In today's Finshots we talk about the Inland vessels bill and how it could open up inland waterways in a big way.
Rivers are nature’s highways and India is blessed with many great rivers that flow through the country’s heartland— From the mighty Ganga to the majestic Brahmaputra. In theory, these waterways (including a few others) could complement the already stretched rail infrastructure and the congested roadways of India. What's more? It could even be cheaper in some cases.
For instance, according to government data, you could move a tonne of cargo over a kilometer at about ₹1.36 on rail, at ₹2.50 on highways, and a mere ₹1.06 on inland waterways. And considering India is blessed with close to 14,500 km of inland waterways, it could be a very effective alternative for people looking to trade and travel.
However, this is still a pipe dream for the most part.
Why? you ask.
Well, that’s because we’ve had a century-old piece of legislation governing the Indian waterways. It’s called the Inland Vessels Act, 1917. And while it has been amended several times since it was first enforced, it never really did the trick, partly because its provisions were obsolete and inadequate for the most part. For instance, state and local governments called the shots and many vessels could only traverse within the boundaries of a state. Permits and certificates once again came from the regional governments and there wasn’t a uniform application of rules. Different states adopted different measures and seamless navigation across India’s waterways always remained a distant dream.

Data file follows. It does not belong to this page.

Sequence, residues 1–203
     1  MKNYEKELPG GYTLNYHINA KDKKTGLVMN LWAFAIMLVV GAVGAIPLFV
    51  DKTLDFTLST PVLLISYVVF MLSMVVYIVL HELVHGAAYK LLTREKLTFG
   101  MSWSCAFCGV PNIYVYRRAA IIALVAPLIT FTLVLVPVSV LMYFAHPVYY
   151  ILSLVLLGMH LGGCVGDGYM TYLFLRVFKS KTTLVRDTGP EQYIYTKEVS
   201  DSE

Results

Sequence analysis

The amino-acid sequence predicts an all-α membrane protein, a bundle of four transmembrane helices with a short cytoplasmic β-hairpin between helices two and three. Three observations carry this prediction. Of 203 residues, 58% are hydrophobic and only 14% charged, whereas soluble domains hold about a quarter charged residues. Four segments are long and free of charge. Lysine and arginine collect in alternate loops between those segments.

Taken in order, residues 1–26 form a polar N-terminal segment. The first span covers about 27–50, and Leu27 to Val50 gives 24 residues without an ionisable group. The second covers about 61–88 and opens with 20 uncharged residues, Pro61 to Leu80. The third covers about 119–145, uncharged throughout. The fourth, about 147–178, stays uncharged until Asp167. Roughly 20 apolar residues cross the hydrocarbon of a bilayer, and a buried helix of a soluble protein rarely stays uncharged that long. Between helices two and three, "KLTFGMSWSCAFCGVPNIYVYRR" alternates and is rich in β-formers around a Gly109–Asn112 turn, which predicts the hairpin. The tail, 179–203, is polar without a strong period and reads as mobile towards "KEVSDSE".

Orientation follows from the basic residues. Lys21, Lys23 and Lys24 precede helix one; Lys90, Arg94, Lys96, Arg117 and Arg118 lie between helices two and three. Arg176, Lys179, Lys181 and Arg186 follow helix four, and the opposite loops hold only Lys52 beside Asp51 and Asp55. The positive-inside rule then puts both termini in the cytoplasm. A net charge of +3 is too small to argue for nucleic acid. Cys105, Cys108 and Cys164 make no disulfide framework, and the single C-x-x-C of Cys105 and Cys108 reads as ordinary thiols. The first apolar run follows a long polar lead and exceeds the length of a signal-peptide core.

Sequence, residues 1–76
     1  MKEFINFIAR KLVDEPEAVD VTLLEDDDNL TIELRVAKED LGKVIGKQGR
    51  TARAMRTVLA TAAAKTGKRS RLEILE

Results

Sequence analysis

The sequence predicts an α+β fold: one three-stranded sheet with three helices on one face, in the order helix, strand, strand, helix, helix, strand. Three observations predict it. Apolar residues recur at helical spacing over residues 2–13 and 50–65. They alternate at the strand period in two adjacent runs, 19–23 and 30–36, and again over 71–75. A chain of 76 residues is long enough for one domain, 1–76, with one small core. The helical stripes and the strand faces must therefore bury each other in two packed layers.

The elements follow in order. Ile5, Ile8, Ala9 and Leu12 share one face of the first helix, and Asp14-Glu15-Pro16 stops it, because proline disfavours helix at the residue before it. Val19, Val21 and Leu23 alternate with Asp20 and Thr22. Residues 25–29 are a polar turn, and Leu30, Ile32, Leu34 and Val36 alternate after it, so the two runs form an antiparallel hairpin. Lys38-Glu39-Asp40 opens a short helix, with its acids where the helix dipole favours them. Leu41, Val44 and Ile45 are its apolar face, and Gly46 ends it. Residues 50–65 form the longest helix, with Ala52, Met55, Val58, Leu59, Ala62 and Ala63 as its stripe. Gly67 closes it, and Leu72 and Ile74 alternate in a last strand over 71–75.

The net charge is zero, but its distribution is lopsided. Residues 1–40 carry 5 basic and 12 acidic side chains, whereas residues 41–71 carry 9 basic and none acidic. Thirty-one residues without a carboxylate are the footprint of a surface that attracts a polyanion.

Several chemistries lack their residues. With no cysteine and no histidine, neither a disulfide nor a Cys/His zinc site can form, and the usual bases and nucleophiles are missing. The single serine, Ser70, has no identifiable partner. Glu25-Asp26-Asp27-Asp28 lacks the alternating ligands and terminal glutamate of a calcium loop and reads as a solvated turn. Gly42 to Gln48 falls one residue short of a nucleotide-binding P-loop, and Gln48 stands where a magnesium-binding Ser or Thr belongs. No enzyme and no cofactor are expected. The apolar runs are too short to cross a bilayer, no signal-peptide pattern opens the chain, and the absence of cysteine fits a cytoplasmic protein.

But that may finally change now with the passing of the Inland Vessels Bill, 2021. This new piece of legislation will replace the old law and hopefully bring all matters related to inland waterways and the movement of vessels under a central regulatory regime. And this in turn could unlock the limitless potential of India’s waterways i.e. we could finally use our rivers as a viable mode of transport — for passengers and cargo.
Also, the new rules are very specific about all the do’s and dont’s for vessels plying on these waterways. For starters, there’s the elaborate classification criterion. A ferry carrying people is not the same as a barge crying timber or wheat. They need to be treated differently. They have to have different safety regulations and they may need specialized equipment and oversight. And this law does precisely that — It makes a clear distinction between different types of mechanically propelled vessels like ships, boats, barges, container vessels, and ferries. And once the classification is complete, the movement and identity of these vessels will be imported to a central database. The law will also require vessels to cover liabilities in case of accidents, injury or death, and a few other things. All in all, these are welcome additions.
Then there’s the fact that we will now have an overarching law that will enforce a uniform application of rules. If activity across inland waterways does pick up, that could create new jobs across ports, crews, shipyards, etc. Small and medium companies located in the hinterlands could potentially use these waterways to transport their modest loads to big cities at a very affordable price and we could see some good days ahead.
Also, the law aims to tackle pollution. Vessels can’t be polluting the waterways anymore. The central government will prescribe the appropriate methods for owners to discharge or dispose of the sewage and garbage from these mechanically propelled inland vessels. And they’ll ban vessels from discharging anything that could be classified as a pollutant. Owners will either have to figure out alternatives or switch to more eco-friendly options. There’s no getting around this fact anymore.
So yeah, if all goes well, this new law could eliminate many operational bottlenecks and perhaps aid inland waterway transport in a big way.